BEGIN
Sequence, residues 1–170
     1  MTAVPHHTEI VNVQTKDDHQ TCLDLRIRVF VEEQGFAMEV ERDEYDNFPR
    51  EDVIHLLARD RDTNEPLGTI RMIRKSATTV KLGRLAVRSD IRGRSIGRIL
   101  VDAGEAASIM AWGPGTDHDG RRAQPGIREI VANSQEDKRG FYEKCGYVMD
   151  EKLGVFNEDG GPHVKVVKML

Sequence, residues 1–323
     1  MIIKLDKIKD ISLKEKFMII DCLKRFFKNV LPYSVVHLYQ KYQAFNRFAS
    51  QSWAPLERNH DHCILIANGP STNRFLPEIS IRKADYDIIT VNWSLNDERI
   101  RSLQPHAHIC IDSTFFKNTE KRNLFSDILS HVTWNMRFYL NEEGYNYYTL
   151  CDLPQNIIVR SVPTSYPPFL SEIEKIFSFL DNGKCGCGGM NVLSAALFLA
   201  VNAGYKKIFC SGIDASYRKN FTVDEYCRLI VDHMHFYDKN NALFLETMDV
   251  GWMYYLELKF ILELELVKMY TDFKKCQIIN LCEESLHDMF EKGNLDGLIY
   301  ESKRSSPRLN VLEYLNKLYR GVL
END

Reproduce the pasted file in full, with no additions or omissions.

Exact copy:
Sequence, residues 1–170
     1  MTAVPHHTEI VNVQTKDDHQ TCLDLRIRVF VEEQGFAMEV ERDEYDNFPR
    51  EDVIHLLARD RDTNEPLGTI RMIRKSATTV KLGRLAVRSD IRGRSIGRIL
   101  VDAGEAASIM AWGPGTDHDG RRAQPGIREI VANSQEDKRG FYEKCGYVMD
   151  EKLGVFNEDG GPHVKVVKML

Sequence, residues 1–323
     1  MIIKLDKIKD ISLKEKFMII DCLKRFFKNV LPYSVVHLYQ KYQAFNRFAS
    51  QSWAPLERNH DHCILIANGP STNRFLPEIS IRKADYDIIT VNWSLNDERI
   101  RSLQPHAHIC IDSTFFKNTE KRNLFSDILS HVTWNMRFYL NEEGYNYYTL
   151  CDLPQNIIVR SVPTSYPPFL SEIEKIFSFL DNGKCGCGGM NVLSAALFLA
   201  VNAGYKKIFC SGIDASYRKN FTVDEYCRLI VDHMHFYDKN NALFLETMDV
   251  GWMYYLELKF ILELELVKMY TDFKKCQIIN LCEESLHDMF EKGNLDGLIY
   301  ESKRSSPRLN VLEYLNKLYR GVL